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Histories of Women’s Reproduction in Latin America and the Caribbean: Medicalization

by Bonnie A. Lucero and Elizabeth O’Brien


A second area of research on the colonial period examines medicalization projects, especially those that took place under the late Bourbon governance of Carlos III and Carlos IV. One line of this investigation has explored how the early emergence of professional physicians coincided with efforts to displace midwives through regulation and criminalization. While tension between physicians and midwives is not unique to colonial Latin America, scholars have underscored the unique racial dynamics of medicalization in the Americas, where midwives were most often women of indigenous and African descent. Martha Few details precisely this paradigm in All of Humanity in a discussion of efforts by colonial elites to control and stigmatize indigenous midwives and healers. “Tensions of Race, Gender and Midwifery in Colonial Cuba,” Michele Reid-Vázquez’s contribution to the volume Africans to Colonial Spanish America, similarly exposes these racialized and gendered dynamics of midwifery in nineteenth-century Cuba. This theme also emerges in parts of Reid-Vázquez’s The Year of the Lash, Aisha K. Finch’s Rethinking Slave Rebellion in Cuba, and María del Cármen Barcia Zequeira’s Oficios de mujer. Although the displacement and marginalization of women of color midwives began during the colonial period, it persisted through the twentieth century, as scholars like Nora Jaffary, Cassia Roth, and others discussed below have shown.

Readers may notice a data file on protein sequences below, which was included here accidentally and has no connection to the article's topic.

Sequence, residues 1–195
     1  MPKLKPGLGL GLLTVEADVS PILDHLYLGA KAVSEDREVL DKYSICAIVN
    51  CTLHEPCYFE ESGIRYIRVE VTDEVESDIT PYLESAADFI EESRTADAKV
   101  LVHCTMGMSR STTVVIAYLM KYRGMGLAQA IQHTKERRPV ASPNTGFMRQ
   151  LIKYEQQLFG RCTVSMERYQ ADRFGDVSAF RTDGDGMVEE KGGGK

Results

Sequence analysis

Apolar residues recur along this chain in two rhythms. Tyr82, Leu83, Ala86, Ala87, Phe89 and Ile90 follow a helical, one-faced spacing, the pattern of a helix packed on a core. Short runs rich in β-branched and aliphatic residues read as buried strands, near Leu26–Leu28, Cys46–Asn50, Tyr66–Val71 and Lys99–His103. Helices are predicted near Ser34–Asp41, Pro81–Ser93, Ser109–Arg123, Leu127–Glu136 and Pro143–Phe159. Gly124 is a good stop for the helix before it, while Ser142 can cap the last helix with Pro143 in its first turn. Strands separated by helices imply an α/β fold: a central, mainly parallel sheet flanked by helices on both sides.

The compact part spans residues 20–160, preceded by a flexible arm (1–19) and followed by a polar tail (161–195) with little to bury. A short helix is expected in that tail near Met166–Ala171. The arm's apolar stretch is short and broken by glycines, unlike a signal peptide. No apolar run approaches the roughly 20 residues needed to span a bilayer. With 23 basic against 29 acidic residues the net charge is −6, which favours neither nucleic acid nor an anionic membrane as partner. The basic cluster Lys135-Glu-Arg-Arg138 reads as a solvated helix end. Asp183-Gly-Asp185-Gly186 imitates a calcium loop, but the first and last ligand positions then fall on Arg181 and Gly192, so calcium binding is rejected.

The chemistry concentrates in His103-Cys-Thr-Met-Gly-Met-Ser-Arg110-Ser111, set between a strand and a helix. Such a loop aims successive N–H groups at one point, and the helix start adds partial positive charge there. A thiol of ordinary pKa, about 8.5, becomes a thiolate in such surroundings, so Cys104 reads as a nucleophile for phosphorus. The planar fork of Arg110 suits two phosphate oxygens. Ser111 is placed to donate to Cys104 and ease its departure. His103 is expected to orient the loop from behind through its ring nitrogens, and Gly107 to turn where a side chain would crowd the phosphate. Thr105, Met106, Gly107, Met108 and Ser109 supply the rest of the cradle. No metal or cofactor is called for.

More recently, scholars have examined the intersections of Catholicism, religion, and the development of medical knowledge. One notable example is Baptism through Incision from Martha Few, Zeb Tortorici, and Adam Warren, which introduces readers to the role of priests in performing cesarean surgeries on women presumed to be deceased, extracting fetuses for the purposes of baptism. The text also contains translations of key primary sources on the topic, namely priests’ writings intended to instruct others on how to perform the surgery and baptism. Additional primary source translations on midwifery and fertility control appear in the collection Women in Colonial Latin America, 1526 to 1806. Focused more generally on the broader field of medicine, Adam Warren’s Medicine and Politics in Colonial Peru probes how control over medical knowledge and care shifted between religious and secular authorities from the colonial period to the early years after independence.